Daily Wine News: Big Wine

Posted by | Posted in Wine News | Posted on 03-14-2014

heartyburgundy“Big Wine tightened its grip on the U.S market in 2013, with new figures showing that three companies accounted for more than half of all the wine produced during those 12 months.” Jeff Siegel has the details.

Josh Jensen wants to ban the phrase “domestic wine.” Sounds a bit bossy to me, but I’m inclined to agree.

Lily-Elaine Hawk Wakawaka considers the role of vine age at IPOB SF.

“All of Southern France offers a lot of value for your money. It’s easy to find a yummy wine for under $20, even excellent bubbles.” In Serious Eats, Maggie Hoffman chats with a dozen wine writers (including me!) about finding wines for under $20.

“The 1910 is exciting and awe inspiring partly just because it’s over a century old. It’s debatable whether anyone would pick this out as the favorite from a blind tasting – strip away the story, the history and the pedigree and something is lost.” In Palate Press, Simon Woolf writes about “a whole lotta Colheita.”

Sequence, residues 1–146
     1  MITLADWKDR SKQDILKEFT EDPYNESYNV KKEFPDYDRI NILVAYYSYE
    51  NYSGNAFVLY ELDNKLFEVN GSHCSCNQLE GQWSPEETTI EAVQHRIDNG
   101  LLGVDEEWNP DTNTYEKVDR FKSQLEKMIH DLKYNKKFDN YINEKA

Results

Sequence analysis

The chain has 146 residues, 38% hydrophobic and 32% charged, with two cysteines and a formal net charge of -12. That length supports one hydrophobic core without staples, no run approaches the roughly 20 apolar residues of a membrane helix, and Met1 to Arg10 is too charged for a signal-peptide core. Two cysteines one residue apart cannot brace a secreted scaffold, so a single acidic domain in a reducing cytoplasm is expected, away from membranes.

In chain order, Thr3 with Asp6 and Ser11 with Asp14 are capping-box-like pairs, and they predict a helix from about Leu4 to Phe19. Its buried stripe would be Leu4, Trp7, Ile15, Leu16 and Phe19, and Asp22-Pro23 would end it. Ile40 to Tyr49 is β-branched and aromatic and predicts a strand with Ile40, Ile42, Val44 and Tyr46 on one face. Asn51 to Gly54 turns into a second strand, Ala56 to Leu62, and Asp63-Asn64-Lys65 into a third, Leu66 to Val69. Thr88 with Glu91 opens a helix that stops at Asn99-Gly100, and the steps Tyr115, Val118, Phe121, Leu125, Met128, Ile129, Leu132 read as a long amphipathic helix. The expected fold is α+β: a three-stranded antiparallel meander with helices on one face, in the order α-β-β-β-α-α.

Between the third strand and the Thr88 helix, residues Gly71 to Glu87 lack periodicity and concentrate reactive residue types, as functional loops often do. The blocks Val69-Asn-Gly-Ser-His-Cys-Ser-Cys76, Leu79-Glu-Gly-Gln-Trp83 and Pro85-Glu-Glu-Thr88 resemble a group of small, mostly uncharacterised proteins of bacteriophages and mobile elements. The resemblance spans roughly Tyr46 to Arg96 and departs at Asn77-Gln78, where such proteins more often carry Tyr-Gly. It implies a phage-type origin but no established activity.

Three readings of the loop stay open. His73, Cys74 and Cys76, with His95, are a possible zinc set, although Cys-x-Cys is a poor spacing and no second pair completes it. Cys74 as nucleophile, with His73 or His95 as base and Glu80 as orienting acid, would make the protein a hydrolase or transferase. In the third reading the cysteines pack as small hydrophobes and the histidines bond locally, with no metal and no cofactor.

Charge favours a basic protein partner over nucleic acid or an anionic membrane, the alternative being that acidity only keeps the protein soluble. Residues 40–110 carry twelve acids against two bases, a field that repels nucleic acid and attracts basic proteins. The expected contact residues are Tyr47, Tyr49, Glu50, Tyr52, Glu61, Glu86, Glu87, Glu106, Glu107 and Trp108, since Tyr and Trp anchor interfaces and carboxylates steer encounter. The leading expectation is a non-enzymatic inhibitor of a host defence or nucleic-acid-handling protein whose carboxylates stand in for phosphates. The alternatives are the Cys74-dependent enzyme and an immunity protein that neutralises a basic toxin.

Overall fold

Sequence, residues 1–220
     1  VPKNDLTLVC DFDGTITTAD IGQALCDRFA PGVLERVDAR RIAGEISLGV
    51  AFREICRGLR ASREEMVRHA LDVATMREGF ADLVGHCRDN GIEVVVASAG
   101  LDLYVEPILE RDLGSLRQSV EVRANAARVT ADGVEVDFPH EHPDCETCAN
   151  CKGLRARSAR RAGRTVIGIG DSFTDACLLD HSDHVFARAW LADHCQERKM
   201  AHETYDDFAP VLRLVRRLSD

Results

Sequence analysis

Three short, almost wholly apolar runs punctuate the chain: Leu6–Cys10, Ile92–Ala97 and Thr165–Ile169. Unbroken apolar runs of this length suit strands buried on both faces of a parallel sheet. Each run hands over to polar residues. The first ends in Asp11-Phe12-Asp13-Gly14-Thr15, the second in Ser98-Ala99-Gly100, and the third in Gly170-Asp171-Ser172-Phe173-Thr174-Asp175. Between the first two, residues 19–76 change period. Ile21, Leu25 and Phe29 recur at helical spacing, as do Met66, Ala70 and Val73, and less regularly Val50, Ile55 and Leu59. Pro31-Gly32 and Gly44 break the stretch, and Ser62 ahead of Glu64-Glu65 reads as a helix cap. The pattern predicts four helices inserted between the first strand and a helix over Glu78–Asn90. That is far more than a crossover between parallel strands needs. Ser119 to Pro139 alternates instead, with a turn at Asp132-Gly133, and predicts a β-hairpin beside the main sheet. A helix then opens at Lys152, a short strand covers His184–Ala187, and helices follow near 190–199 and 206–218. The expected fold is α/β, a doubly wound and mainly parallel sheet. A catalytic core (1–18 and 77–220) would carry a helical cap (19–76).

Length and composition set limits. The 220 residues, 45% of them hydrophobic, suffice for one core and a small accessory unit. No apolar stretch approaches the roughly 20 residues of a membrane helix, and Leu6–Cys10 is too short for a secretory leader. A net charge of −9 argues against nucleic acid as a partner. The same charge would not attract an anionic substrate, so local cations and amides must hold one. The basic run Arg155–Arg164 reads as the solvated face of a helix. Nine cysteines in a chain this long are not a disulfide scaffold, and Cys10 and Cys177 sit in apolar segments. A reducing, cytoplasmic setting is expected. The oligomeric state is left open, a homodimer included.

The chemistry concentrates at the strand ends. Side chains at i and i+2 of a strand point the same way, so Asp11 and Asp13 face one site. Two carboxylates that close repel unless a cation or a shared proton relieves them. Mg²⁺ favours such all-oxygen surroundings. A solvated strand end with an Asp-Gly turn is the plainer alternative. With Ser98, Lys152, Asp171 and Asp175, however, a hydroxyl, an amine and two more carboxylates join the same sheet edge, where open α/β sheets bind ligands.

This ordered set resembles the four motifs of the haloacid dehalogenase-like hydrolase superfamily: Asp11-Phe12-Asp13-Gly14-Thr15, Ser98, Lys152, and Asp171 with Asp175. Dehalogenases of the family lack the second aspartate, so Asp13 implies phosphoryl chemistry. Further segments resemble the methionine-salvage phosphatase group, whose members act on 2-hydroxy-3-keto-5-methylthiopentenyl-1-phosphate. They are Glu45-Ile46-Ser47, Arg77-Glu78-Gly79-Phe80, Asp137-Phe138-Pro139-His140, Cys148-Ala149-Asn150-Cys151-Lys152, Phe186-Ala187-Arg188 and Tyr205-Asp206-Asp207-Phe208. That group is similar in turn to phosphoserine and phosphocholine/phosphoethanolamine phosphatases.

Tyler Colman contends that the Miracle Machine hoax from Philip James is a “cynical stunt [that] has a sleazy bait-and-switch feel.” I agree.

“Can a virtual wine school run by New York Times wine critic Eric Asimov sell Americans on the wines he recommends?” W. Blake Gray poses this question in Wine-Searcher.

Elsewhere in Wine-Searcher, Katherine Cole chats with Grand Marnier heiress Alexandra Marnier Lapostolle.

If you’re interested in learning about how soil impacts Willamette Valley Pinot Noir, Katherine Cole has a homework assignment for you.

Looking for a fun summer camp? If you have $10,000, you can spend the weekend with Philippe Melka. For $25,000, you can attend a three-day camp at Cliff Lede.

Kyle Schlachter describes the wines of Turley through haiku.

Comments (1)

  1. The first entry “Big Wine tightened…” needs to be corrected, if only for posterity. First of all, Siegel’s story does not prove that big wine tightened its hold. No facts or figures are given that prove this point. Second, the proportion of wine produced by the big three is only 1/2, not three fourths, as stated above. In short, “the details” are incorrect.